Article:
Lenovo Group Ltd., the personal computer maker of China, warned about the margin pressure and higher costs due to lack of elements such as memory chips. This warning was give as it posted its initial quarterly loss in around 2 Years last week.
Lenovo, which gave up its title as the largest PC maker in the world to HP Inc. in the quarter that ended in June, had a loss of $72 Million which is unfortunate as compared to the profit of $173 Million last year for the same period. It was the first quarterly loss of the company since September 2015 and proved wrong the average forecast of the analysts for a $5.29 Million profit. This resulted in sending the share down as much as 5% to a year-low of HK $4.52 during the morning trade last week.
The viewpoint for the remaining year was demanding as shortages of component would drive the prices higher, probably forcing the firm to lift its trading price to defend margins, executives claimed to the media in an interview. “Most of the elements price is turning out to be stable apart from memory and the cost is still elevating up,” Gianfranco Lanci, the Chief Operating Officer of Lenovo, claimed to the media on an earnings call.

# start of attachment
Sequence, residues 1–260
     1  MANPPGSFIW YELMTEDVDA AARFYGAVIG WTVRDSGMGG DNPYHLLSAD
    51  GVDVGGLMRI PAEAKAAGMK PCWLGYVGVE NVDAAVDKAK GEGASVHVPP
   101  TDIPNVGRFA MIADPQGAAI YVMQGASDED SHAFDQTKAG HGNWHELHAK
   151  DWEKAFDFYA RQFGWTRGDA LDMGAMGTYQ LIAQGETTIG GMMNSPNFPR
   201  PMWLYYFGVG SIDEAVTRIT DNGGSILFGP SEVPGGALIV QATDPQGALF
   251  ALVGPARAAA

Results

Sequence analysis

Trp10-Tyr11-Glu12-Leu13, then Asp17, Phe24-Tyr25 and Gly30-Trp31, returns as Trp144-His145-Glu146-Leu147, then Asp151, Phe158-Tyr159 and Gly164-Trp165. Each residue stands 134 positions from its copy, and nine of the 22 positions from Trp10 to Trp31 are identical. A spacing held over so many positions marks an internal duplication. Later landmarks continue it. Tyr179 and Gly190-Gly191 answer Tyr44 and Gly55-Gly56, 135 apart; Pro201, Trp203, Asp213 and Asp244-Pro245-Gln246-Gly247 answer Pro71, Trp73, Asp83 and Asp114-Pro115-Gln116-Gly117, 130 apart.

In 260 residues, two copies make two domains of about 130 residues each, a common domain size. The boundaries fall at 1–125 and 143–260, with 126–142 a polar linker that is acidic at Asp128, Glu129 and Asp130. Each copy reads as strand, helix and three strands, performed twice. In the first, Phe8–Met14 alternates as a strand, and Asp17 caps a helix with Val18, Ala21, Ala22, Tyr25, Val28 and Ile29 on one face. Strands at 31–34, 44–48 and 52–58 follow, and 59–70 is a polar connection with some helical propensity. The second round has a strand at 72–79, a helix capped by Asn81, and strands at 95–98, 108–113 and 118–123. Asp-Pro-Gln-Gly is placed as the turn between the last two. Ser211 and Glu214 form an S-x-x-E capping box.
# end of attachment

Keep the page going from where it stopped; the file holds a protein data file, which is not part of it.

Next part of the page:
“Memory costs elevation would carry on at least till the end of 2017, even though at a slower rate as compared to the last 2 quarters,” he claimed, referring memory as a product of igniting international need for semiconductors. Demand from auto industry was also pushing up the cost of batteries, he further added. While personal computer producers across the globe are grappling since users shift to mobile devices, core PC trade of Lenovo is dropping more quickly as compared to the business of many of its competitors.
Lenovo reported a 6% drop in shipments of personal computers in the quarter, than a 3% fall all around the globe. Its revenue for personal computers was down at $7 Billion. “In general, it will be very demanding for them to enhance the performance of their PC in the short-term with the cost rise of component, which is here to last long,” claimed industry experts.